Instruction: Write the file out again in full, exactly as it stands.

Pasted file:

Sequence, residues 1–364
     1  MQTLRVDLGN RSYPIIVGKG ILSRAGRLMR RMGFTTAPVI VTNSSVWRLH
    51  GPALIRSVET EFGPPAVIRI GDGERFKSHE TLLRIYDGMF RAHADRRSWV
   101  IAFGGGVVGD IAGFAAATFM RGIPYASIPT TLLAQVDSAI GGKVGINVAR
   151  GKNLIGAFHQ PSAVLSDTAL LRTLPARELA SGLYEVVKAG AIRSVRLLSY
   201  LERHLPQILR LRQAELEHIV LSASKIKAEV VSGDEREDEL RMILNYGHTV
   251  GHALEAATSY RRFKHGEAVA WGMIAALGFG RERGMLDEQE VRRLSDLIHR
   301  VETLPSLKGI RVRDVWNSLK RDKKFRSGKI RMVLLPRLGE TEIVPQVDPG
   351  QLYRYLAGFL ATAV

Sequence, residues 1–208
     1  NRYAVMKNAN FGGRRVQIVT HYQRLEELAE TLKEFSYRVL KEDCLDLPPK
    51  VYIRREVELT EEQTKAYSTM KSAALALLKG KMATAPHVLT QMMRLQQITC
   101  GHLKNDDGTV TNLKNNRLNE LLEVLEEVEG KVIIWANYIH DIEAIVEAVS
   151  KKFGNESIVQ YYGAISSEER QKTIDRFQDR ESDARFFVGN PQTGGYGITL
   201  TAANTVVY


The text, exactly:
Sequence, residues 1–364
     1  MQTLRVDLGN RSYPIIVGKG ILSRAGRLMR RMGFTTAPVI VTNSSVWRLH
    51  GPALIRSVET EFGPPAVIRI GDGERFKSHE TLLRIYDGMF RAHADRRSWV
   101  IAFGGGVVGD IAGFAAATFM RGIPYASIPT TLLAQVDSAI GGKVGINVAR
   151  GKNLIGAFHQ PSAVLSDTAL LRTLPARELA SGLYEVVKAG AIRSVRLLSY
   201  LERHLPQILR LRQAELEHIV LSASKIKAEV VSGDEREDEL RMILNYGHTV
   251  GHALEAATSY RRFKHGEAVA WGMIAALGFG RERGMLDEQE VRRLSDLIHR
   301  VETLPSLKGI RVRDVWNSLK RDKKFRSGKI RMVLLPRLGE TEIVPQVDPG
   351  QLYRYLAGFL ATAV

Sequence, residues 1–208
     1  NRYAVMKNAN FGGRRVQIVT HYQRLEELAE TLKEFSYRVL KEDCLDLPPK
    51  VYIRREVELT EEQTKAYSTM KSAALALLKG KMATAPHVLT QMMRLQQITC
   101  GHLKNDDGTV TNLKNNRLNE LLEVLEEVEG KVIIWANYIH DIEAIVEAVS
   151  KKFGNESIVQ YYGAISSEER QKTIDRFQDR ESDARFFVGN PQTGGYGITL
   201  TAANTVVY